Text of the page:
It’s been awhile since I’ve posted anything here because I’ve had to focus on other things, but I thought this paper for my Humanities class fit in well with the theme of this blog. It is a subject I wish to share in hopes it will be shared. Thank you for taking the time to read.
By Dana McClellan
In Islamabad Pakistan the government has set up a hospital with a free clinic for the over one-hundred acid attack victims needing treatment annually and there are many which go unreported (Saving Face). Most of the victims lie sleeping peacefully in their beds only to be awoken by a horror that will change their lives forever. The victims, usually young women, range in age from thirteen to thirty-five (Annual Report ASF). Most of the attacks are carried out by disgruntled suitors—i.e. men who have made sexual advances and had been rejected, and married men who don’t want to have to deal with their wives anymore. These men treat their women like animals. They are nothing more than property with a dowry attached. In most acid attacks the women are very young and not yet married, thereby ruining any chance of an “ideal” life with marriage, house and children. To these men, a female in this society is put on this earth to procreate, take care of the house and children, make an income somehow, and see to it that her husband’s “needs” are met. It is a patriarchal society where the man is seldom prosecuted for any type of domestic violence and can get away with most anything when it comes to the treatment of his wife and daughters.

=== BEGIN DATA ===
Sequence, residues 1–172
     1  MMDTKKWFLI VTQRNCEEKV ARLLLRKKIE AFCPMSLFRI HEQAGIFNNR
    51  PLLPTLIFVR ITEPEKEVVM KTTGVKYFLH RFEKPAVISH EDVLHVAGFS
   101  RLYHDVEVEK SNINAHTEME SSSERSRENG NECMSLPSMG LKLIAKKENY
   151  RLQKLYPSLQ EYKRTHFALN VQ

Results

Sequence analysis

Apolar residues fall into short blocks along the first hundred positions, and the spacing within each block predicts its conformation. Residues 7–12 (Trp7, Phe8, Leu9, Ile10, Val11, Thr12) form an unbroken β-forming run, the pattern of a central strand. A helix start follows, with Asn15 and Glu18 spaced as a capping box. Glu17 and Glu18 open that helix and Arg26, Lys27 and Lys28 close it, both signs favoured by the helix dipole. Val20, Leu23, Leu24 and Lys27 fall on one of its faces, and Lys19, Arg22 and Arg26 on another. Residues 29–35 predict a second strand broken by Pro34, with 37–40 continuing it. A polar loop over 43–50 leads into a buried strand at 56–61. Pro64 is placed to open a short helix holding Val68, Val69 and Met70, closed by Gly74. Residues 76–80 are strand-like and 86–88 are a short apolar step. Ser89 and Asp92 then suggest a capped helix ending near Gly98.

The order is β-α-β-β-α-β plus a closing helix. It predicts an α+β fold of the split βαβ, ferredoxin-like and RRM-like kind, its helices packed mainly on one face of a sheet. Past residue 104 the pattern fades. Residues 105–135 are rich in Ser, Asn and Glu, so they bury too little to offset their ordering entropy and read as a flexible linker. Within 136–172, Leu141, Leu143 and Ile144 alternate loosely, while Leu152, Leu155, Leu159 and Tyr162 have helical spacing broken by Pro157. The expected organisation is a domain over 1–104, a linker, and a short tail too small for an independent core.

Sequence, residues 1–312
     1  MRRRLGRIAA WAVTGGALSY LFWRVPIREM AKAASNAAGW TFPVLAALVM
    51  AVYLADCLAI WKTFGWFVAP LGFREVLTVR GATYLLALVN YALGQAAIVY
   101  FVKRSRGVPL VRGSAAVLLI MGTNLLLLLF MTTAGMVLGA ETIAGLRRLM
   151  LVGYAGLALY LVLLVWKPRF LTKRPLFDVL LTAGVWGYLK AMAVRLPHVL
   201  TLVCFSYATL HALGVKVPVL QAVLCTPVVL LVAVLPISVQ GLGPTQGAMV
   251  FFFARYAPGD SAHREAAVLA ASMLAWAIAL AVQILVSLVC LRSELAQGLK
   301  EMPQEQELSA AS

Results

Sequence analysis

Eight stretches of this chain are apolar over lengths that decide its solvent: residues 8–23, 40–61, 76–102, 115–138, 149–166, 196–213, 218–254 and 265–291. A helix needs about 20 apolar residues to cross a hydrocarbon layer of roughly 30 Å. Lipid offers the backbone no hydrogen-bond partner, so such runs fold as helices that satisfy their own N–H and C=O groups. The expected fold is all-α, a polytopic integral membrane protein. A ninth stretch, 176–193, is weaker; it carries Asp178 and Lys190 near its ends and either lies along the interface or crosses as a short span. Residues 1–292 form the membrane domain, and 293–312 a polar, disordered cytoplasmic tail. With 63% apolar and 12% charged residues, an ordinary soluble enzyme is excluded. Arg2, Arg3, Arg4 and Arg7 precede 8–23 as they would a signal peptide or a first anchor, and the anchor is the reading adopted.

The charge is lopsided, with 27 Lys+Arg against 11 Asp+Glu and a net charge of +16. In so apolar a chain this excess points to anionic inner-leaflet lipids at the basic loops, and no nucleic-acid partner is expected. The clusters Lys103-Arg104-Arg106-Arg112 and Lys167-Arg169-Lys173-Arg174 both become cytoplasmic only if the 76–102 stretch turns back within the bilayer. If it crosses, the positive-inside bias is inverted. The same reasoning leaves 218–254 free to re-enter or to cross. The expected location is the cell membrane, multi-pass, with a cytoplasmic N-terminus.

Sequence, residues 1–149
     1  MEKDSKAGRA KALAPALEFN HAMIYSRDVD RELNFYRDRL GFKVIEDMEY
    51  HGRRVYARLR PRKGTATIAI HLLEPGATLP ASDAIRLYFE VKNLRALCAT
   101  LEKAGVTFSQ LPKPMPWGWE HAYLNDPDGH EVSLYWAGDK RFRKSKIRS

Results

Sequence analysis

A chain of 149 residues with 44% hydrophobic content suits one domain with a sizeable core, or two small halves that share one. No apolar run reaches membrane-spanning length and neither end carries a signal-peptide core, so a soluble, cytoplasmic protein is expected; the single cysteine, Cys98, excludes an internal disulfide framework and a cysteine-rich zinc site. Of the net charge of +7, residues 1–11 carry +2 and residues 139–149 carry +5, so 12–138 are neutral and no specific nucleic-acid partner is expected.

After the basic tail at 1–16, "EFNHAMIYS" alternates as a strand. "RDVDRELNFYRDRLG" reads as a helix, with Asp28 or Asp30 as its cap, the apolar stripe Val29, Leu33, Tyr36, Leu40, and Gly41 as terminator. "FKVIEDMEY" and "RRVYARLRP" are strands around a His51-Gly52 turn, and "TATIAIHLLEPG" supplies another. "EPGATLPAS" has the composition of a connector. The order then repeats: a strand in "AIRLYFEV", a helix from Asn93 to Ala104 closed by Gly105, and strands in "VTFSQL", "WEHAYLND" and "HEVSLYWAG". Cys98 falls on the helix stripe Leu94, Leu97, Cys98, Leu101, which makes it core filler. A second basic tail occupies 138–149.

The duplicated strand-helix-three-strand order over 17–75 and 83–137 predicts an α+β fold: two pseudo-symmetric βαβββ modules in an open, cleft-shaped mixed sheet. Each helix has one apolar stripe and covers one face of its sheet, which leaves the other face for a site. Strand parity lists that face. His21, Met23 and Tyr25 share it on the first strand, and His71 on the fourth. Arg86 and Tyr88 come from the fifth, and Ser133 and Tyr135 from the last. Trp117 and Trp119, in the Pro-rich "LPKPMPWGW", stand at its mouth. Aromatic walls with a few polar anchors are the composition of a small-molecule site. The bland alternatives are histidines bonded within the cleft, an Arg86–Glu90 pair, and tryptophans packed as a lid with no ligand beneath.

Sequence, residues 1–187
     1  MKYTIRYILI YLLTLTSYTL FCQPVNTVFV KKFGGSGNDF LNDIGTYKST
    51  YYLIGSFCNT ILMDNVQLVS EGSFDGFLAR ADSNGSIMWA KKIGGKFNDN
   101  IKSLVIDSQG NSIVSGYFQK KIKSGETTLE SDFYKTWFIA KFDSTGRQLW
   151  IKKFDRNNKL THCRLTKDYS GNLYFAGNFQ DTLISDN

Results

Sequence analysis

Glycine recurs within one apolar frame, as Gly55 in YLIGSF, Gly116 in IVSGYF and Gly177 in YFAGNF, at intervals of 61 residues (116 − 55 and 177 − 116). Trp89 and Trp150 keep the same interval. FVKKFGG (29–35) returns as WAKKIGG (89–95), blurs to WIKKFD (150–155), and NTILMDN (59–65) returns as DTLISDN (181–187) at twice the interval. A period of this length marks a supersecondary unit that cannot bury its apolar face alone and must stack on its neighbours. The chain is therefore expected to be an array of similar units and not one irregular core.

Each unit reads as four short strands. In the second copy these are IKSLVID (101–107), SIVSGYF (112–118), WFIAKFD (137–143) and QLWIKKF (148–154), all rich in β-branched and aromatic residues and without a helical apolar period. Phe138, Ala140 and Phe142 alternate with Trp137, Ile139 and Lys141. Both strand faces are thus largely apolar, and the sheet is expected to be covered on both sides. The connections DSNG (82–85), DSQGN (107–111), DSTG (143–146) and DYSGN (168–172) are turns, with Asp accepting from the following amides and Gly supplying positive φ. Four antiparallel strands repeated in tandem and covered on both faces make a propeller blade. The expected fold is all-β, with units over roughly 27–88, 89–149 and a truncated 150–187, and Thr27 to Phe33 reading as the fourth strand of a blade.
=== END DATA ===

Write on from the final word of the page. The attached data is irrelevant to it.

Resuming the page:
While most women here in America think “I would never let a man treat me like that!”; Answer this question: how does one prevent an attack while sleeping? How can we dare to suggest what we would do while not having been born into that type of culture? America needs to be enlightened about a lot of things, but we also need to pick our battles carefully because as individuals in an individualistic society, there is only so much of each of us to go around. Therefore, this paper will attempt to put a face on the “faceless” in hopes that someone will read it and take up the cause. If more people were exposed to what is taking place around the world with these acid attacks, there would obviously be more pressure for governments to smash this out of existence. Instead of perpetrators living free in their own smug little worlds, they should fear consequences and be shunned in their communities.